Shell is writer/director Scott Graham’s feature-length debut – a reserved and distressing tale of isolation, abandonment, and family.
The film follows Shell (Chloe Pirrie) and her father, Pete (Joseph Mawle) who, as a result of living at a remote petrol station situated in the wilds of the Scottish Highlands, share markedly denuded lives. Pete tends to wrecked cars in his scrapyard while Shell greets and serves the patrons who frequent their tiny garage.
As the pair tacitly interact, their painfully muted dynamic is established: she undertakes the commonly perceived uxorial tasks – prepares the dinner, takes care of the laundry, tells Pete when he needs to get a haircut – and he despondently goes about his work. Yet there is something palpably not quite right with their relationship, and it is only as a result of an early chance encounter with a couple passing by that an uncomfortable truth is affirmed to the audience.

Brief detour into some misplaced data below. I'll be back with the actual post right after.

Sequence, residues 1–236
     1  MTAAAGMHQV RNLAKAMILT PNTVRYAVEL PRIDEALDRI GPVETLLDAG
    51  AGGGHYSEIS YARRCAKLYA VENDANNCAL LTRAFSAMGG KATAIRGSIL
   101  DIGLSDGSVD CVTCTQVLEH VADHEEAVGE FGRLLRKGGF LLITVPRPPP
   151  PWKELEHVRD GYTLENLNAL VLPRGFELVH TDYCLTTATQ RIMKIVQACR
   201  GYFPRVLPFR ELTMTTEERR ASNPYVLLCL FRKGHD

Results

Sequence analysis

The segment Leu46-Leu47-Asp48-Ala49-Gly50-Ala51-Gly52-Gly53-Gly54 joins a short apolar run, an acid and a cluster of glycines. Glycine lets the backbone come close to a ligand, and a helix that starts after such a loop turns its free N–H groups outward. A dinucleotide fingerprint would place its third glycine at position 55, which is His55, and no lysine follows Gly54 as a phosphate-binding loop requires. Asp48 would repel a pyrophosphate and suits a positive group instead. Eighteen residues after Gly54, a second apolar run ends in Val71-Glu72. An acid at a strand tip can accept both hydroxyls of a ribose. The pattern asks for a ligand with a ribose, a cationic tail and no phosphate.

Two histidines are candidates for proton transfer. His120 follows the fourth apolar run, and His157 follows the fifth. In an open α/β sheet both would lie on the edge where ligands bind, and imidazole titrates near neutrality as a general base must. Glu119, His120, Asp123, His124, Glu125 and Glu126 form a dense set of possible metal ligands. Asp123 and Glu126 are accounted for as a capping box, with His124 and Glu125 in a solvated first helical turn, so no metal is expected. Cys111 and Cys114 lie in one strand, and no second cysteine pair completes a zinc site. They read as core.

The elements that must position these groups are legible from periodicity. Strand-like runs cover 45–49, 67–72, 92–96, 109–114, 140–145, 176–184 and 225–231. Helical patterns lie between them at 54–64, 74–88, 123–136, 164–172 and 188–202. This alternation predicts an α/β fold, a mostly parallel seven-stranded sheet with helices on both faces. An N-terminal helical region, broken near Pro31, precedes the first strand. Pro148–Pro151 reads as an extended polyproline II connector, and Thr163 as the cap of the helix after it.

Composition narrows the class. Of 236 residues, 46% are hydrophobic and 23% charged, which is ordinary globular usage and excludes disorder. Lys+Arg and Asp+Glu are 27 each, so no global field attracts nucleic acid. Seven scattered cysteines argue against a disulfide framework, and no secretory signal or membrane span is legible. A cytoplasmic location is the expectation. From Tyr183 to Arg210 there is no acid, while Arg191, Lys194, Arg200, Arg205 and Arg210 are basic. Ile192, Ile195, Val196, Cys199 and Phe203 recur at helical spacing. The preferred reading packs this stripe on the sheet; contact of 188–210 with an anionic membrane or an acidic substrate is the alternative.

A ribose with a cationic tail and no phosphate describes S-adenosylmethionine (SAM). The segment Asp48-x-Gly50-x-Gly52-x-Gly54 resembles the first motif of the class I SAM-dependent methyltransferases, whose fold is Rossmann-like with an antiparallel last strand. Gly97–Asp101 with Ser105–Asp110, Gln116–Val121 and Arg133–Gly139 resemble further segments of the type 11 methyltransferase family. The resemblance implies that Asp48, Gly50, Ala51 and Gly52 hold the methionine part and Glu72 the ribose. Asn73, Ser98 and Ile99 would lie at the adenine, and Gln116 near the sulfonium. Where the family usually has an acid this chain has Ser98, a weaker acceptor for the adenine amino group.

From this point in the story the drama shifts up a gear, and a general sense of unease sets in as it becomes apparent that – now on the eve of womanhood – Shell’s behaviour has reached a level that Pete (and indeed, the audience) has become uncomfortable with.
If Shell sounds like a difficult watch, it’s because it is. Fortunately, it also happens to be an impressive film.
This study of loneliness and need for human affection is remarkably accomplished for a debut picture. Aided by superb performances from the two leads, Graham emphasises his script’s disheartening tone with starkly rendered visuals of the Scottish landscape, and some noticeably terrific sound design (a boiling kettle, use of a toilet, and howling winds, are all amped up to agonisingly oppressive levels).
The film’s lean 90-minute running time prevents it from ever becoming stagnant, and its ending offers just the right amount of fulfillment to counteract – without undermining – the somber drama that precedes it.
Shell is released in selected cinemas on 15th March 2013.
Watch the a clip from Shell here: